The Financial Confessions: “I’m 30, Divorced, And Back At My Parents’ House”

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I’m writing this from the comfort and luxury of my new twin mattress, which was one of the few upgrades I treated myself to when moving back into my childhood bedroom, which is now a guest room. I like a particular brand of mattress that is expensive, but has proven to be the only thing that doesn’t leave me with a terrible back after a restless night’s sleep.

Somehow, having that fancy mattress that felt just like a smaller version of one in my old apartment is a huge comfort, and makes me feel less like I am what I am, which is a 30-year-old divorcée who is living at home with her parents. It sounds sad to say, because I am this person, but I’m not. It’s part of my sanity-maintenance to tell myself that this was the result of things out of my control. If you had met me a year ago, you never would have believed this would happen to me, and I’m definitely not the type of person to take advantage of her parents, or be lazy about paying her own rent. I’m ashamed to be where I am, and trying to get out of it as quickly as possible.

But first, some background:

By day, I work in administration at a very prestigious university in my beloved Chicago. I grew up in the suburbs here, went to the Northeast for college, came back for grad school and eventually took a job in the city pretty much right after my Master’s, at the school I work at to this day. It was at this job that I met my ex. He was visiting the school to give a presentation to professors on a kind of software that his firm developed for classroom use, and I was tasked with organizing his accommodations. (At the time, I was doing a lot of BS work, such as booking hotels for important speakers and getting yelled at when something was inevitably wrong.)

We fell in love quickly, and it was an absolutely intoxicating relationship. He was brilliant, tall, funny, handsome, wealthy, passionate about his work, and just older enough than me to feel “wise.” I found so much comfort in him, and looked up to him in a way that seems, now, unhealthy. But we were engaged by my 26th birthday, and married by my 27th. Because I earned drastically less than him, it seemed obvious that I would move into his apartment, which was more than large enough for two people, and had a perfect location. It was something I never could have afforded on my own, but he owned it, so I didn’t pay really anything. I took over some household bills to feel more like I was “pulling my weight,” but looking back, that probably didn’t amount to even a third of what I would have had to pay in rent.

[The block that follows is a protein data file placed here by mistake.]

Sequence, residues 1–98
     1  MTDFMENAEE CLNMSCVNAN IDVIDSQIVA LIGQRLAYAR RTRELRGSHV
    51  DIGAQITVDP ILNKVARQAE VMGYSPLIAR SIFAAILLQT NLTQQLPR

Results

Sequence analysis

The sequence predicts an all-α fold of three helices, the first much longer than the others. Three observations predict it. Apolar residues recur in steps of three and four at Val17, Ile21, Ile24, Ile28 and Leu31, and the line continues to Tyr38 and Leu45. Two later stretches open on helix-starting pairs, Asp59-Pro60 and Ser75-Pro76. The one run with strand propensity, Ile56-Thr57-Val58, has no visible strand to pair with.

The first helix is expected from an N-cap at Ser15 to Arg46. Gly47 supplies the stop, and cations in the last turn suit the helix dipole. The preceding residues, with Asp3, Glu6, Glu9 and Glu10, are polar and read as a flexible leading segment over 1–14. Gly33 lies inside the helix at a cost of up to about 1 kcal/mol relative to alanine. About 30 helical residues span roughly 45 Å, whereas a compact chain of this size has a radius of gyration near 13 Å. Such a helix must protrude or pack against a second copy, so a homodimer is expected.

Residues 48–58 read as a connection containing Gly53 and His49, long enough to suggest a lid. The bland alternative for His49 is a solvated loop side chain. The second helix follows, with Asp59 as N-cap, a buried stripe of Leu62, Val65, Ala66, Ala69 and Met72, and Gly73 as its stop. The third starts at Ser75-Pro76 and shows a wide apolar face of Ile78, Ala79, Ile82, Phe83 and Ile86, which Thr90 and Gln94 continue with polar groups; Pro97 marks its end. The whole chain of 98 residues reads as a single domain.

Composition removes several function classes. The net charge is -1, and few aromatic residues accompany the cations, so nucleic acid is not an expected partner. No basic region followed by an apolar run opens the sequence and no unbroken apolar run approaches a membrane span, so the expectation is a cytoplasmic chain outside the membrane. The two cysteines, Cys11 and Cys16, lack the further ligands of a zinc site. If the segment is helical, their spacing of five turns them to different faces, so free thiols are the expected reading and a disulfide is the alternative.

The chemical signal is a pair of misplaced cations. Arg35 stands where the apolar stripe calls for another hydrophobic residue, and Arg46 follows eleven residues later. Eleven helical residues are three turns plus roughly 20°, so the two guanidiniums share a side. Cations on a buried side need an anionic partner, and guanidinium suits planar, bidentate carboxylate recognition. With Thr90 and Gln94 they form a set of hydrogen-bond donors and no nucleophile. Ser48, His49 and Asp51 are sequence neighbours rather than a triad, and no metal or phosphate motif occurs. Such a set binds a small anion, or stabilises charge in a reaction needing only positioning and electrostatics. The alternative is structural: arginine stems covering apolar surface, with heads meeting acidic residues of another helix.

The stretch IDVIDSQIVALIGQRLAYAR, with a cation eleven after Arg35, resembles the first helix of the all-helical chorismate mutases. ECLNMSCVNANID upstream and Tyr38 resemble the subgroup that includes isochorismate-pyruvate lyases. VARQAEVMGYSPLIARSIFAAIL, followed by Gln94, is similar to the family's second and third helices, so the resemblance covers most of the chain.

As far as our other finances, he had a lot of accounts separate from me, and when it came to his properties and investments (including the apartment I lived in), my name wasn’t on anything. I had my piddly savings account, and the rest of my money I just sort of spent however I wanted, because I didn’t worry about ever having to pay for my own life. I looked at most of my money, outside of my few bills and a tiny bit of savings, as being “to live with,” so we went on lots of trips, ate great food, bought beautiful clothes, and I swiped, swiped, swiped my card without worrying about it.

As I neared 30, though, I started to feel a kind of prickle on the back of my net about not having any kind of nest egg for myself. I said to my ex, at one point, that if he died I would be totally fucked, and that that was really scary. He told me that he would start writing me into things, and would set up an account for me, but that didn’t materialize. It was one of those things that I could tell stressed him out, so I didn’t bring it up. But as other elements of our relationship started to deteriorate — fights over everything from “do we want kids” to “you like to watch dumb TV shows that give me a headache” — I worried that I might never see that money.